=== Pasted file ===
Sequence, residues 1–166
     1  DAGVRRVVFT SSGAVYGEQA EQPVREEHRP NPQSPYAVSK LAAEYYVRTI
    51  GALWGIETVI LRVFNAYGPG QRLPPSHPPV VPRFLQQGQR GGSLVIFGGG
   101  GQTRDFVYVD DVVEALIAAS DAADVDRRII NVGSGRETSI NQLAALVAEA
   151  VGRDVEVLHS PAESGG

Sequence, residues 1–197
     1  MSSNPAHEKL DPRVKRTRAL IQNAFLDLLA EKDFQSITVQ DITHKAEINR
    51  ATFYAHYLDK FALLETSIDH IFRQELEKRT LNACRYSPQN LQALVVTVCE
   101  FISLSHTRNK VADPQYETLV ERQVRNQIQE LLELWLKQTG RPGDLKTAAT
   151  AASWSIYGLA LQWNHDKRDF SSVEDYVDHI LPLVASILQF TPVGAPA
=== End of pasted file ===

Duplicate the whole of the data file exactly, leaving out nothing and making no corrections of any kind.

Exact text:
Sequence, residues 1–166
     1  DAGVRRVVFT SSGAVYGEQA EQPVREEHRP NPQSPYAVSK LAAEYYVRTI
    51  GALWGIETVI LRVFNAYGPG QRLPPSHPPV VPRFLQQGQR GGSLVIFGGG
   101  GQTRDFVYVD DVVEALIAAS DAADVDRRII NVGSGRETSI NQLAALVAEA
   151  VGRDVEVLHS PAESGG

Sequence, residues 1–197
     1  MSSNPAHEKL DPRVKRTRAL IQNAFLDLLA EKDFQSITVQ DITHKAEINR
    51  ATFYAHYLDK FALLETSIDH IFRQELEKRT LNACRYSPQN LQALVVTVCE
   101  FISLSHTRNK VADPQYETLV ERQVRNQIQE LLELWLKQTG RPGDLKTAAT
   151  AASWSIYGLA LQWNHDKRDF SSVEDYVDHI LPLVASILQF TPVGAPA